WI: Steam turbine development not cancelled

Discussion in 'Engines' started by wuzak, Oct 17, 2011.

  1. wuzak

    wuzak Well-Known Member

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    In 1940 Junkers Moteren (Jumo) began the development of a steam turbine for use in multi-engine aircraft. The steam turbine ran on the bench in mid 1941 before being cancelled by the RLM in 1942 in favour of gas turbines.

    There was interest from Messerschmitt in installing the steam turbine in the Me321 transport glider.

    The specs for the Jumo steam turbine was 3000hp @ 8000rpm, prop shaft speed 950rpm, pressure 100atm, exhaust pressure 0.15atm. Weight 800kg, I assume just for the turbine and reduction gear.

    Also in the same period the Technische Hochschule were developing a 4000hp steam turbine for aircraft use, but this too was cancelled in 1942.

    In 1944 the Osermaschinen company was commissioned to develop a steam turbine for use with the Me264 long range bomber. The design requirements specified 6000hp @ 6000rpm for the turbine, a power to weight ratio for the entire installation of 0.7kg/hp and a sfc of 190g/hp/hr (0.42lb/hp/hr). There was to be two propellor options - a 5.3m (17ft 4.5in) diameter prop turning at around 500rpm, or a 2m (6ft 6in) diameter prop turning at 6000rpm.

    The plan was to use 65% pulverised coal/35% liquid fuel while liquid fuel stocks were low, but to use 100% liquid fuel when sufficient quantities were available.

    Parts of the turbine had been manufactured by the end of the war in Europe, but it had not run and the Me264 prototype that was to use it had been destroyed.

    The advantages of steam turbines were:
    Time between overhauls as much as 10 times that for piston engine (ie 4000-6000 hours tbo).
    Constant power at varying heights.
    Capacity for 100% overloading for extended periods (ie on a 3000hp engine you can go to 6000hp WEP, or on a 6000hp engine you could go to 12,000hp).
    Full steam output in 5-10s (I presume from startup)
    Not sensitive to low temperatures.
    Simple control.
    Poor quality fuels could be used

    In comparison to the new gas turbines being developed the steam turbine promised to be much more fuel efficient.

    On the downside, I don't think high pressure boilers would take too well to being hit by cannon shells, or even mg shells.

    If the Junkers and the Technische Hochschule projects were not cancelled it may have been possible that they would have been available during 1943/1944.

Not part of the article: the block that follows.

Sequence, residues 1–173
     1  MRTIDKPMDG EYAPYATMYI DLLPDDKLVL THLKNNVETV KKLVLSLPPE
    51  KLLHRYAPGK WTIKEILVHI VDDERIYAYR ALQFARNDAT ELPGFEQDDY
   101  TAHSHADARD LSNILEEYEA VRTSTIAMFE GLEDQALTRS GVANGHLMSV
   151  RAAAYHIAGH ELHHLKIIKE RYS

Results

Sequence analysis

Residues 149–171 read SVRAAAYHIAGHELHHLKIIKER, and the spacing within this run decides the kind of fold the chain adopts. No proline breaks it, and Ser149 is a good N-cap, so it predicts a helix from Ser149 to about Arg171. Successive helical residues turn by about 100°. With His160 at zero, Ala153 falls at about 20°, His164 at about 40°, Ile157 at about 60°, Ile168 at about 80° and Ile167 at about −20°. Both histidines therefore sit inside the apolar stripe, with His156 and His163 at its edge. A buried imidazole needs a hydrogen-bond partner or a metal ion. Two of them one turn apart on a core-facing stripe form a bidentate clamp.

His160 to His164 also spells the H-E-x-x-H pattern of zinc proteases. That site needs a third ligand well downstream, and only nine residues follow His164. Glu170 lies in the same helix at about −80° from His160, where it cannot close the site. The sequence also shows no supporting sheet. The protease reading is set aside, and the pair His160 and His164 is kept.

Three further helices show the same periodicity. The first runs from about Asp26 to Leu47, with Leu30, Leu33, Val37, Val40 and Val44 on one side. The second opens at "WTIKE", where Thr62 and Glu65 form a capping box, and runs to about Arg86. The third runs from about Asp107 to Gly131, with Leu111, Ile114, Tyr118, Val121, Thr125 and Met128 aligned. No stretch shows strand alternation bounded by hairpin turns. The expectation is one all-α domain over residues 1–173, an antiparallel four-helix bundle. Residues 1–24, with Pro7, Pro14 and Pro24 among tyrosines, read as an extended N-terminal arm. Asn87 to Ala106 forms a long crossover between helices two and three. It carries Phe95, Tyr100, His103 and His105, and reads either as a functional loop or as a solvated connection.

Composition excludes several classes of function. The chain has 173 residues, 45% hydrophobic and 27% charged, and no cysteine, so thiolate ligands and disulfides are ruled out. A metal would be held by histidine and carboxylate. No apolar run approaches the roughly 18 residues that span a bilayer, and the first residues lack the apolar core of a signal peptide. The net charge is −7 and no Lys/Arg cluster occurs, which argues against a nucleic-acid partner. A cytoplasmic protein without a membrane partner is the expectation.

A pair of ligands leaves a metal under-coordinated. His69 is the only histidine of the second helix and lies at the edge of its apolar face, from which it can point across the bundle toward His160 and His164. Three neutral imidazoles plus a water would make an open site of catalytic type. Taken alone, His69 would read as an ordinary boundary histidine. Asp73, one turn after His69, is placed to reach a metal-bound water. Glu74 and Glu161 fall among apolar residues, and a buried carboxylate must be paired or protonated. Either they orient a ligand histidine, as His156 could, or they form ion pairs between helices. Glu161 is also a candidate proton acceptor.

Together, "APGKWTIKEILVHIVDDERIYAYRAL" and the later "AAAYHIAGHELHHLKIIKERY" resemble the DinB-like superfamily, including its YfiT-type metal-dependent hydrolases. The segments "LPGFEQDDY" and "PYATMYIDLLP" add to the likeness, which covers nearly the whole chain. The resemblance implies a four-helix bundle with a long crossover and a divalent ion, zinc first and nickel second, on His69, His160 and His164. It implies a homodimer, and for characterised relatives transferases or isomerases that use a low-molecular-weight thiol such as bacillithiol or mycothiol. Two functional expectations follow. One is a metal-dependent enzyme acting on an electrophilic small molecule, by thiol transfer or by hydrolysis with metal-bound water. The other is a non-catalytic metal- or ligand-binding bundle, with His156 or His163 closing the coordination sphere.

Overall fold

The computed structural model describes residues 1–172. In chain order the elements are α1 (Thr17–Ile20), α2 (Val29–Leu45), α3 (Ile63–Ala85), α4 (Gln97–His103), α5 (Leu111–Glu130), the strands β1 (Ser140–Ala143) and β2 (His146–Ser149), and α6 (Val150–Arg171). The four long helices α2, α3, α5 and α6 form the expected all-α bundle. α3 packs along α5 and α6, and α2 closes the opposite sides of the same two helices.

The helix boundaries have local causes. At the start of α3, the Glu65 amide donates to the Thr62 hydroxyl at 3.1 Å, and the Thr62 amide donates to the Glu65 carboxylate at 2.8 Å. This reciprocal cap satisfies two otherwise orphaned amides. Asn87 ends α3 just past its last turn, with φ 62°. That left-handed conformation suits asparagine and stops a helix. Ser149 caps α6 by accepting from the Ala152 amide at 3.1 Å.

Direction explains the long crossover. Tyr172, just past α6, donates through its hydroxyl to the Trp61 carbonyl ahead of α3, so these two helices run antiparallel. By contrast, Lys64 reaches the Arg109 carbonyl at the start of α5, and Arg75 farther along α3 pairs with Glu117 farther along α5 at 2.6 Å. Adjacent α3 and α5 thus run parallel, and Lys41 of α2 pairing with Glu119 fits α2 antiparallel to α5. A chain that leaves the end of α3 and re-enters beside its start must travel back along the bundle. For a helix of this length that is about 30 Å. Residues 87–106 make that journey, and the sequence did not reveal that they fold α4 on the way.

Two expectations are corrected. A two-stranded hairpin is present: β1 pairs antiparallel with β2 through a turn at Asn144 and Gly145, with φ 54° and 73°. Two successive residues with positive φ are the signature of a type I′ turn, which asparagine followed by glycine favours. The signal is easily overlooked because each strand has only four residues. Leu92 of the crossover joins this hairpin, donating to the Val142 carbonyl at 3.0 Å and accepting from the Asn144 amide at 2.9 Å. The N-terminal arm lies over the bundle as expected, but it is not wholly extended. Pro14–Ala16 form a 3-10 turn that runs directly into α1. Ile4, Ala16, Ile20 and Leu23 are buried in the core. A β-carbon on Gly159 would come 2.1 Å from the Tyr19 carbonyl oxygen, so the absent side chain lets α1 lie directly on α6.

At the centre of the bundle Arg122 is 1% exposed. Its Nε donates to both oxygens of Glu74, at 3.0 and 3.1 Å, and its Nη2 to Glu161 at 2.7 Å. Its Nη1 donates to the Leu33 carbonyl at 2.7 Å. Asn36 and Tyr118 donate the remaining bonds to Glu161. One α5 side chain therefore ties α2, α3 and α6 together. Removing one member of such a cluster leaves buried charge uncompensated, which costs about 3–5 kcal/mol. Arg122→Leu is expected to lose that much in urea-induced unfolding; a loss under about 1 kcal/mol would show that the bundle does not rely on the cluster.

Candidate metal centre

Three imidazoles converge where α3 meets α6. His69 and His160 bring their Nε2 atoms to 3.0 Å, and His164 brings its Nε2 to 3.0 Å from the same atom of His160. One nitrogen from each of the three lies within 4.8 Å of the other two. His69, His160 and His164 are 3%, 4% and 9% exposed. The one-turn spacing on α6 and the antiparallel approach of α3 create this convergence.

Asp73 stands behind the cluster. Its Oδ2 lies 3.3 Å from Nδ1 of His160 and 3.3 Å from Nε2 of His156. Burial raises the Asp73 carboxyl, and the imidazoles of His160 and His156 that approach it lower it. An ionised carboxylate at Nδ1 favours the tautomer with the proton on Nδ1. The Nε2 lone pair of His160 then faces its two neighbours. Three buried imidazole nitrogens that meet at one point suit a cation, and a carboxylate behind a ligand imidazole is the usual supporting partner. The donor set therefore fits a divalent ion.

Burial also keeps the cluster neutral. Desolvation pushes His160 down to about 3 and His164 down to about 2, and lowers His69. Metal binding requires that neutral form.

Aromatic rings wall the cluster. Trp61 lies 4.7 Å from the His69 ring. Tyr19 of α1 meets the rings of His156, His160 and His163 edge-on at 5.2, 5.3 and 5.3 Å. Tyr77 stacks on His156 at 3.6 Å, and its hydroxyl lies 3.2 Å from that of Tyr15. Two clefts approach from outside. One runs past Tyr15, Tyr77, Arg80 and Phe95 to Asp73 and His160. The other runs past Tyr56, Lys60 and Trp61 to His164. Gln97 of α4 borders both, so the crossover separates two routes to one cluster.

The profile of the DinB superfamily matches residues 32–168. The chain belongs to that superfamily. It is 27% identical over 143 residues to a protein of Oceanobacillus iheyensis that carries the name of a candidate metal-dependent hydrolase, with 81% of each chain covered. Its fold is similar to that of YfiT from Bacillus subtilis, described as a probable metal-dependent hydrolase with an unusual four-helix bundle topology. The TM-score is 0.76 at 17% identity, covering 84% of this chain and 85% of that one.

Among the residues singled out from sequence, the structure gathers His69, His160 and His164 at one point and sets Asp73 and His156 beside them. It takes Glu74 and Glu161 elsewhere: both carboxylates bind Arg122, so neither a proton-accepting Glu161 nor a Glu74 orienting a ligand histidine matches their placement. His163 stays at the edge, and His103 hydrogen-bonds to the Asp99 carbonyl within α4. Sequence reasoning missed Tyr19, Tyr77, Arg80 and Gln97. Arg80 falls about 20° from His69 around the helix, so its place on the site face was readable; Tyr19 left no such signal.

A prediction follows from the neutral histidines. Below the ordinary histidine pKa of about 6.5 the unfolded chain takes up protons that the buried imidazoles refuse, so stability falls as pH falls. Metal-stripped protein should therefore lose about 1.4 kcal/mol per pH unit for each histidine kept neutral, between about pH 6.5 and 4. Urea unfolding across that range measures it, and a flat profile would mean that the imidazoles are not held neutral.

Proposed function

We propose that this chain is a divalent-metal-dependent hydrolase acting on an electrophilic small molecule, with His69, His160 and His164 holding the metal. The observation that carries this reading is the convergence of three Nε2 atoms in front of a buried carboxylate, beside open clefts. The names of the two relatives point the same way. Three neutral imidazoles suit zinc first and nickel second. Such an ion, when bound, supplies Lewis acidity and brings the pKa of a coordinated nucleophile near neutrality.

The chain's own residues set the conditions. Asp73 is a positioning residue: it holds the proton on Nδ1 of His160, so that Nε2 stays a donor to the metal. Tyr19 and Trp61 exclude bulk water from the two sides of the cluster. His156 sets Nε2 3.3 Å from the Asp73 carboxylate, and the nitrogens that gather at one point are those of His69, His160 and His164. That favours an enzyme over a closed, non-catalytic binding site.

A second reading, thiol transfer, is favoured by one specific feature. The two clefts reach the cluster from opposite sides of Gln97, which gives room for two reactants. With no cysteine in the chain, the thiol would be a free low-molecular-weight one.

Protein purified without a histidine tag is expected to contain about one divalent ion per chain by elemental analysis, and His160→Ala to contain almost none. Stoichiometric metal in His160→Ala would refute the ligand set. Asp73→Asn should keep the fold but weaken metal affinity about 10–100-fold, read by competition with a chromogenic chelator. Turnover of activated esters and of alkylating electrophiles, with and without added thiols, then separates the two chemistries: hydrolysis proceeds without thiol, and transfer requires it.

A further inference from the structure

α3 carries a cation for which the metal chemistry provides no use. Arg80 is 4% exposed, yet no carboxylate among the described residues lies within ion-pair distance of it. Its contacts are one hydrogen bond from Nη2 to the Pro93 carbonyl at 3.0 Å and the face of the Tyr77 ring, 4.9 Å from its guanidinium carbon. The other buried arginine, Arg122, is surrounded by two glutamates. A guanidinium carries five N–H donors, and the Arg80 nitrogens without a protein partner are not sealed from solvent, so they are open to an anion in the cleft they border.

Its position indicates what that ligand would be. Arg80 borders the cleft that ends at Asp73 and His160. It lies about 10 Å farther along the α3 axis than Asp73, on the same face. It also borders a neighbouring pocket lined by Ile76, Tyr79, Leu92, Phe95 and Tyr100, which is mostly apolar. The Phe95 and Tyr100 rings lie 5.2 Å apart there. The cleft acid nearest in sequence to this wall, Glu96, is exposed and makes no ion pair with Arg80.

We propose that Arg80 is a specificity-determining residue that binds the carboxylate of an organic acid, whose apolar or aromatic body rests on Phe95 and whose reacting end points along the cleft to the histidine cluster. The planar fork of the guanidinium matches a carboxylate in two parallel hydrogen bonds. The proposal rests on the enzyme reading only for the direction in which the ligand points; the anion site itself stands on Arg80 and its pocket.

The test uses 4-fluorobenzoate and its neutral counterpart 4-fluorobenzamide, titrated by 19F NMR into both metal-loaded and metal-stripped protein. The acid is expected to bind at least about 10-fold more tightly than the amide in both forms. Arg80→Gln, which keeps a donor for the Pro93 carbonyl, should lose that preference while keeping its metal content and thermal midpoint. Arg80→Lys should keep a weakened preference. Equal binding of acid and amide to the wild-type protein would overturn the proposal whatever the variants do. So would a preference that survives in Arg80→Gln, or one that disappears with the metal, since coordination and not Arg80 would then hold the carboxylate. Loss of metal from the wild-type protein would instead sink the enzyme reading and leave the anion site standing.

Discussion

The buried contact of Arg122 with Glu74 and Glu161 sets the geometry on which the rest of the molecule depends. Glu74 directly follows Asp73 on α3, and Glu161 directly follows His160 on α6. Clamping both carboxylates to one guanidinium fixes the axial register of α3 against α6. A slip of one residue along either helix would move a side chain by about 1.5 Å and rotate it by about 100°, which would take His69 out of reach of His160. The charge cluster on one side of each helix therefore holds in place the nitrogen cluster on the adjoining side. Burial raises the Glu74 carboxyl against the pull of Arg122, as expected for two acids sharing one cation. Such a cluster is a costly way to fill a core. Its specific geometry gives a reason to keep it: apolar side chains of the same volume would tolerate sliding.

With so many German designs perhaps not having the power required, and fuel shortages cutting into operations could steam turbines have provided a useful interim step between piston power and gas turbines?

    Bearing in mind that gas turbines were relatively new, while steam turbines had been around in industry and shipping for the best part of half a century.
     
  2. wuzak

    wuzak Well-Known Member

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    Also, I believe that the rated power (ie 3000hp for the Jumo project) was also the maximum continuous power.
     
  3. davebender

    davebender Well-Known Member

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    I wouldn't worry about resistance to enemy fire. A steel boiler is more bullet proof then an aluminum wing or fuselage.

    Has anyone gotten such a power plant to work in an aircraft? That would tell us if the concept is technically practical.
     
  4. wuzak

    wuzak Well-Known Member

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    There was a steam powered aircraft in the 1930s, but that was a V2 piston engine.

    The steam turbine would be closed loop so wouldn't need much extra water storage, whereas a steam pistin engine would need more make up water I would think (more leakage/loss).

    Thinking about the boiler locations, for the Junkers project each turbine would have its own boiler and auxiliary systems mounted together in the wing.

    For the later 6000hp Osermaschinen turbine there were to be four 1m diameter x 1.2m long/high boilers per turbine. One advantage that was mentioned was the ability to have components distributed throughout the airframe.

    For the Me264 I would assume that only two of the 6000hp turbines would be required (V1 had 4 x 1200hp Jumo 211s - a total of 4800hp, and V2 had 4 x 1700hp BMW 801s - a total of 6800hp) - certainly the turboprop versions proposed had two 5000hp engines. That would mean locating 8 of the boiler units around the airframe.

    I suppose two of the Junkers steam turbines at 3000hp each could do the job in an Me264 too, using the 100% overload capability to provide takeoff power and war emergency power. Even better if the alternative 4000hp units were available.
     
  5. fastmongrel

    fastmongrel Well-Known Member